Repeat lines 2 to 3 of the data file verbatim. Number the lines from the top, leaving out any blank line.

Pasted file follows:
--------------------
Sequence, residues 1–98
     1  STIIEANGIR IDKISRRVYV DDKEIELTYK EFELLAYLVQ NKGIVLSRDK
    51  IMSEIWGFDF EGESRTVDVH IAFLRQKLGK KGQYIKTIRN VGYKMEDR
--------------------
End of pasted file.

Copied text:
     1  STIIEANGIR IDKISRRVYV DDKEIELTYK EFELLAYLVQ NKGIVLSRDK
    51  IMSEIWGFDF EGESRTVDVH IAFLRQKLGK KGQYIKTIRN VGYKMEDR